Failure to comply with the general environmental duty does not constitute an offence. However, DES may issue an environmental protection order to secure compliance with the general environmental duty. Further, compliance with the general environmental duty is a defence to offences relating to unlawful environmental harm (although not a defence for contravention of an environmental authority).

What does this mean in the context of the COVID-19 crisis when resources are spread thinly on the ground and attention is focussed on financial survival and the health of our staff and families, not to mention the prospect of home schooling?

Whether or not there has been compliance with the general environmental duty depends upon the circumstances and involves a weighing up of the factors mentioned above and any other relevant facts. There is no rule of thumb.

However, there are some things to consider which will be helpful in managing environmental risk and complying with your general environmental duty and environmental legislation generally.

Points to consider to mitigate risk

Checklist of actions:

These points are discussed in further detail below.

Is there an environmental representative at the table

Businesses will be making many decisions about the allocation of personnel and financial resources, including how or when to scale down operations and, in some cases, whether operations can be pivoted to produce other products which may assist in the COVID-19 crisis.

In our experience, the risk of an incident is higher during such times of rapid change. Standard operating procedures which have been developed and refined over a long period of time may not currently be applicable. New and untested impacts and risks may arise as a result of the changes.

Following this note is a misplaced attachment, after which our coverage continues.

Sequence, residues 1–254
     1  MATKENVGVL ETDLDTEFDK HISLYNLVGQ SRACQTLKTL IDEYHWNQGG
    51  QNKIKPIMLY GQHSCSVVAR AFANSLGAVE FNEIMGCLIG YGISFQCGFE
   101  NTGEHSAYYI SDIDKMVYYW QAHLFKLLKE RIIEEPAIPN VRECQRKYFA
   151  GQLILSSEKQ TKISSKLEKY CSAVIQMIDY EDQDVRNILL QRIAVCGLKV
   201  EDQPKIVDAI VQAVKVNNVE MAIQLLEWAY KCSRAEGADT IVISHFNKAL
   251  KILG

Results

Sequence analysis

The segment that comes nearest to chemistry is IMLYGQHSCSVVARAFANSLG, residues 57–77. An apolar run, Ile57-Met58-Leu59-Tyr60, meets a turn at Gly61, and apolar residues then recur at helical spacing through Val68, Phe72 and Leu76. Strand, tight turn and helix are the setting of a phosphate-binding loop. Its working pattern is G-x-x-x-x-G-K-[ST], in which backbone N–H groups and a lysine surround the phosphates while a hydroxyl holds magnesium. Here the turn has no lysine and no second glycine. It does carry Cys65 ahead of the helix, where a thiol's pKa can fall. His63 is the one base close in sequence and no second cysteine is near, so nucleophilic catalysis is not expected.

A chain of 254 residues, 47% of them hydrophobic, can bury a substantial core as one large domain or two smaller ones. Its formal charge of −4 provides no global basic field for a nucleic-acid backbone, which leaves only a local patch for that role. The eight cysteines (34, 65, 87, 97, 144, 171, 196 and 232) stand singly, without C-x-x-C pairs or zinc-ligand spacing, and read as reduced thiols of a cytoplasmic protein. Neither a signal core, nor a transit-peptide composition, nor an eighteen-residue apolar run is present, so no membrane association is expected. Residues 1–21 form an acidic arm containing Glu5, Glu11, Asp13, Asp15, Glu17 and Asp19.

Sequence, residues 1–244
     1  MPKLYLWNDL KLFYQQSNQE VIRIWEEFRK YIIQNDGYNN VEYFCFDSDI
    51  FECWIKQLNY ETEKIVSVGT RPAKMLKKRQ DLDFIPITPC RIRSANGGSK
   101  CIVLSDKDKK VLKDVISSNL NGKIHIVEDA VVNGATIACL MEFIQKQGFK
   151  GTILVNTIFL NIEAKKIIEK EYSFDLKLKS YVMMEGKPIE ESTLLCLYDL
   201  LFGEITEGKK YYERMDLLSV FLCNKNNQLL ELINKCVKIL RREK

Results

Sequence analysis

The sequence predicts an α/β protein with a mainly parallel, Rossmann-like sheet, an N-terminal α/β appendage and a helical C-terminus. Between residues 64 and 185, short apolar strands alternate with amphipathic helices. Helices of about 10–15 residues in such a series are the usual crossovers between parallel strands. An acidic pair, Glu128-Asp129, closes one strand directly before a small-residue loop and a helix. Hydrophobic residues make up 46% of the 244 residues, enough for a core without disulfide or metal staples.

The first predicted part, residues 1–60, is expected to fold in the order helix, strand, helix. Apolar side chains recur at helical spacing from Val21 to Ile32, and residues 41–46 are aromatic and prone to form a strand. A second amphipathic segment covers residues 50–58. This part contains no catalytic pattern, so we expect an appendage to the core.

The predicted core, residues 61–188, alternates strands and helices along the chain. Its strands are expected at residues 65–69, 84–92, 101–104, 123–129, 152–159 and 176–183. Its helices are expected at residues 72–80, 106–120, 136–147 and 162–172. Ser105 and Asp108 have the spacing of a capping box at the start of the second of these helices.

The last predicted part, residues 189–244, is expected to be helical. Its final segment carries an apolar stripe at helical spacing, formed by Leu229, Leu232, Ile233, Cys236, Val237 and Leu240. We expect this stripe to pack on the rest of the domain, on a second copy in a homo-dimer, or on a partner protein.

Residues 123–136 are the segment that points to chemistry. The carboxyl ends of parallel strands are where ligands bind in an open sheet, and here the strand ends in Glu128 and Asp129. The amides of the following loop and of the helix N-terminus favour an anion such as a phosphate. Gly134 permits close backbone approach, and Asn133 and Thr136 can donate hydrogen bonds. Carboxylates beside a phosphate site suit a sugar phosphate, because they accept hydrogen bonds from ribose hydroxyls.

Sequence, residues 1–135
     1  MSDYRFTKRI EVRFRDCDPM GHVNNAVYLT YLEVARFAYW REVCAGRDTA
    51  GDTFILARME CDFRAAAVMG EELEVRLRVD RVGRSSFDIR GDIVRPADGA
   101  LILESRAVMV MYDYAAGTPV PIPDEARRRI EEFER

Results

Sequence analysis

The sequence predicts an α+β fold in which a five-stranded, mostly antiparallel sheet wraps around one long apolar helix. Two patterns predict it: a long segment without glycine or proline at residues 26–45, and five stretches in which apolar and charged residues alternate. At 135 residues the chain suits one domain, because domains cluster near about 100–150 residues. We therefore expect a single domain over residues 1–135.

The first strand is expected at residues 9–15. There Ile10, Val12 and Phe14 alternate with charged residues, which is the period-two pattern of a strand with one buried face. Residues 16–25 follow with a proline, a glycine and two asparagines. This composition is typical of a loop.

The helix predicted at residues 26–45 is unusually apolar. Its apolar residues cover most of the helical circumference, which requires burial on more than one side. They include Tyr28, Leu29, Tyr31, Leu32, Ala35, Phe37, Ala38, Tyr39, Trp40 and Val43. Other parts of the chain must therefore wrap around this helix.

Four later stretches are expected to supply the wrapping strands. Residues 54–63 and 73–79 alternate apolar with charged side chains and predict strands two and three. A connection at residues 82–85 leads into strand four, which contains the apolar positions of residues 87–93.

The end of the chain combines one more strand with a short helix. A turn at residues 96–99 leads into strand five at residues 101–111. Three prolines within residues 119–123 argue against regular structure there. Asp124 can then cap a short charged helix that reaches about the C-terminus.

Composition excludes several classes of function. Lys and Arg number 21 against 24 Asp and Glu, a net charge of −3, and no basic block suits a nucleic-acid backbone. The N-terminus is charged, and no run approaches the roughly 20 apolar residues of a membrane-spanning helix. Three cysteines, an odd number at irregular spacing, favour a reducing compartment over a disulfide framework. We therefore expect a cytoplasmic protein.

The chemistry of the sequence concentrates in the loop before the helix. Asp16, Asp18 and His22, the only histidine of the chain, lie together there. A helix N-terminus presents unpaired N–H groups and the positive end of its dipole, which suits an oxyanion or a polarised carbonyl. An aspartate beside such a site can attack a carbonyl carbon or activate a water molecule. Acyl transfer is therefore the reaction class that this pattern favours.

When discussing the COVID-19 response and any management of change issues, it is critical that a senior environmental specialist is involved in those discussions. To do otherwise is to heighten the risk that key environmental impacts, approvals and statutory requirements are overlooked or misunderstood and, consequently, increases the risk of an incident or other non-compliance occurring.

Crisis and business continuity plans

Most businesses are having regard for their crisis and business continuity plans at this time. Those plans should include a risk management plan, an analysis of business impacts (for example, identification of key assets, sources of revenue, resources, suppliers and risks), a contingency plan and a recovery plan.

It is common for such plans to focus primarily on the human health and financial aspects of the organisation, with specific incident response plans focussing on environmental impacts. However, it is important that environmental risks, impacts and obligations are an integral part of your wider business continuity plan. As detailed below, various environmental regulators have publically stated that they expect businesses to have and implement business continuity plans to ensure compliance with all environmental requirements are complied.

To the extent that your business continuity plan does not already (or adequately) address these issues, it will be necessary to work this through ‘on the run’ (with appropriate environmental subject matter input) and then ensure the plan is updated to reflect the lessons learnt from this process. Some of the matters to be considered are set out below.

Analyse business activities

Ensure you identify all of the business activities that might be impacted by COVID-19 related restrictions and business impacts and environmental risks associated with those. Try to contemplate all things that may occur, however unexpected they may be. Assess how you will manage those risks. Have a concrete plan for managing those risks and contingencies.

Review all primary and secondary environmental approvals

Environmental approval conditions will impose requirements in relation to things such as contaminant release limits, hours of operation, monitoring and reporting. It is also highly likely that approvals will require compliance with secondary management plans, such as construction environmental management plans and site management plans. These secondary plans should not be overlooked when carrying out this step. This is particularly so in the case of environmental incident response and management plans, which will provide for notification and escalation to particular people within your organisation.